You must have heard the big news that Golden State Warriors Associate Head Coach Mike Brown has agreed to be the Head Coach of Nigeria’s Senior Men’s National Basketball Team. The D’Tigers as they are popularly known has been a force to reckon with over the past decade since making its debut at the Olympic Games in 2012.
That mark was followed by an even better feat as Nigeria lifted its first ever AfroBasket title in 2015 and sealed qualification to the 2020 Olympics in Tokyo at the 2019 World Cup. By qualifying to Tokyo, Nigeria has made it to three straight Olympics but the third would be the first with a world class Coach.
Aside playing a key role on Steve Kerr’s bench in NBA title winning campaigns in 2017 and 2018, Brown has a collection of accolades and wins to boast of. The former Cleveland Cavaliers head trainer was named NBA Coach of the Year in 2009 and spent seven successful seasons with the franchise.
While his tenure with Los Angeles Lakers was short lived, he coached the great Kobe Bryant just as he has coached players of Kobe’s ilk like LeBron James and Steph Curry. That should work fine for a Nigerian team brimming with confidence after winning three games at last year’s World Cup.
There are quite a number of reasons his hire should get Nigeria to progress further in Tokyo than previous Olympics. For example, close losses to Russia and Argentina could easily turn into wins with the experienced tactician at the helm for the West African nation.
Another reason Brown’s hire is a good omen for D’Tigers is his ability to attract top talents for the Olympic run. Quality hires get the attention of other quality personalities and teaming up is feasible; players in the NBA are riding this trend to form super teams in the league. While the likes of Al Farouq Aminu, Ike Diogu and Ben Uzoh have done well, the gap in quality still exists and there is the need to close it by widening the scouting net to bring in more talent.
The search has to go deep in the bios as players are eligible to play for multiple countries due to their diverse backgrounds. Thanks to its large population, there a host of players of Nigerian heritage, chief among them, reigning NBA Most Valuable Player Award winner Giannis Antetokounmpo.
However, not all have the quality the country needs to make it to the top; other have already committed to play for other countries making them ineligible. Here are players who meet the cut on the aforementioned standards to be considered for selection by Nigeria.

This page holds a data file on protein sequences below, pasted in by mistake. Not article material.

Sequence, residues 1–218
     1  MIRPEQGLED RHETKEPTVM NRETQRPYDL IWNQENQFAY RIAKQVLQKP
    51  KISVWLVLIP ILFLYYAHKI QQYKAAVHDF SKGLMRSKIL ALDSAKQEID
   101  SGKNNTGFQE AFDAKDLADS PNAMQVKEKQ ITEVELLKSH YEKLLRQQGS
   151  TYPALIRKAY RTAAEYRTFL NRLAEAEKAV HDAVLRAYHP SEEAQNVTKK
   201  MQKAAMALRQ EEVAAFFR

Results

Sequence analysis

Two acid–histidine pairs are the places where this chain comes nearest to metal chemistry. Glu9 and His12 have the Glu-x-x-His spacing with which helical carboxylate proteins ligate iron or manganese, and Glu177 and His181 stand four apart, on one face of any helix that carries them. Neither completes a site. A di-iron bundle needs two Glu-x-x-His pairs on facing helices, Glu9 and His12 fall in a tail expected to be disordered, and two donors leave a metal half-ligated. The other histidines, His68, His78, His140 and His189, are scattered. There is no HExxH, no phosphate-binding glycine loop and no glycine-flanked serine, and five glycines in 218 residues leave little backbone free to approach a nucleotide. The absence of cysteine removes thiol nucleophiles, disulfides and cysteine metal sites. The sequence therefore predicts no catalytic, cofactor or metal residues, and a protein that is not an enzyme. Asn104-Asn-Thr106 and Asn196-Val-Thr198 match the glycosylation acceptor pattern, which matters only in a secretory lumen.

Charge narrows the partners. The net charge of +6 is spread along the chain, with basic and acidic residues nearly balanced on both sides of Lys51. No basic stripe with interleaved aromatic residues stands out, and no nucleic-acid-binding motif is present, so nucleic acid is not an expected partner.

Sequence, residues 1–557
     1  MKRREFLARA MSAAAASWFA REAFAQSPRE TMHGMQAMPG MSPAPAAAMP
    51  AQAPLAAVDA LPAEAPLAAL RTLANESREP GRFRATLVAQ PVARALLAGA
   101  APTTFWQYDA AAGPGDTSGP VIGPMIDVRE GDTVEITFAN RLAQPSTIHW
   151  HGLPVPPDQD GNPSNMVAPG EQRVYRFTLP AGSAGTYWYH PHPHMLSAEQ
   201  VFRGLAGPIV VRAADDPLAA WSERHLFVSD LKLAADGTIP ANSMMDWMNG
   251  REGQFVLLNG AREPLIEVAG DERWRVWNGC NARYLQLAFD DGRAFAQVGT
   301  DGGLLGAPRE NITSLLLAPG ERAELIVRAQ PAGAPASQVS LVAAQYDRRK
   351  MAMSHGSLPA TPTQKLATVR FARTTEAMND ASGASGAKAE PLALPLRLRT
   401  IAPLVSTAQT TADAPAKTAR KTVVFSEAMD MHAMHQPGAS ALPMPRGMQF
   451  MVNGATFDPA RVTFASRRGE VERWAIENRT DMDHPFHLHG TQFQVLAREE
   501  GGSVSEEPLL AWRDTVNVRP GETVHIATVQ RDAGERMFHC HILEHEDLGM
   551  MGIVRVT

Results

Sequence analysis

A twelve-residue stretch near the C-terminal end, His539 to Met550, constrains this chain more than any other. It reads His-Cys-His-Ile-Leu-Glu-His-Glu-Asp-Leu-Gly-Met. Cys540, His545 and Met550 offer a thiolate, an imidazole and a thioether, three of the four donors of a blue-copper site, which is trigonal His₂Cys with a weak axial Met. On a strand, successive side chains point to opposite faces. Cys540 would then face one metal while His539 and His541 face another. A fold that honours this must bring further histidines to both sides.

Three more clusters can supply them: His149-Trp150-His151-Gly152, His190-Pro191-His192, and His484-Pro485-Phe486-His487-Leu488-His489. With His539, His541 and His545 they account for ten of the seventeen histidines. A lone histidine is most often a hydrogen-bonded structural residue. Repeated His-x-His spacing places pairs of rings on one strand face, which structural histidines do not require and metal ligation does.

Indiana Pacers 27 year old Guard is on top of this list because of his undeniable talent and athleticism that has made him a two time NBA All Star. Born to a Nigerian mother in the United States, Oladipo is eligible to play for Nigeria since he is yet to represent USA at any Senior International competition. The former Oklahoma City Thunder player was in line to play from Team USA at the 2019 World Cup but a serious knee injury curtailed those plans.
He recently returned to action and has been promptly called up by the US as a member of its preliminary 44 man roster headlined by LeBron James, Kyrie Irving and Russell Westbrook. Brown should target Oladipo because the latter fills a huge void at the Point Guard position in half court offense situations and is a major upgrade on the options D’Tigers have had.
Born in England and raised in the US, Anunoby is one of the best young perimeter defenders in the NBA and has parlayed those skills into a starting gig with reigning NBA Champions Toronto Raptors. His improvement on the offensive side particularly his ability to hit three point shots makes him a tough option to overlook.
The soon to be 23 year old is averaging 10 points and 5.3 rebounds this season after averaging seven points and 2.9 rebounds last season. The Small Forward is yet to play internationally for the US and Great Britain which makes him eligible to represent Nigeria at the Tokyo Games. Sliding him alongside Minnesota Timberwolves Josh Okogie and Oladipo would give Nigeria a mean perimeter defense and strong offense production.
Ayton is more synonymous with Bahamas than Nigeria after headlining the 2018 NBA Draft as the number one overall pick. However, Ayton’s biological father is Nigerian, his mother is from Jamaica and was born and raised in Bahamas before moving to the United States. His colorful background was on display on Draft Night as the inner part of his suit had the colours of all three national flags.
The Phoenix Suns Center is a throwback to the old school era of basketball where big men patrolled the paint and did damage in close quarters with the rim. “There’s a few flags in there… I’m not just a Bahamian. I’m Nigerian and Jamaican. So I just want to let the world know that. Thank you” Ayton said after he was drafted by the Suns. His skills should give Nigeria a boost on both ends of the court for Nigeria should he choose to play for them.
By Yaw Adjei-Mintah
@YawMintYM on Twitter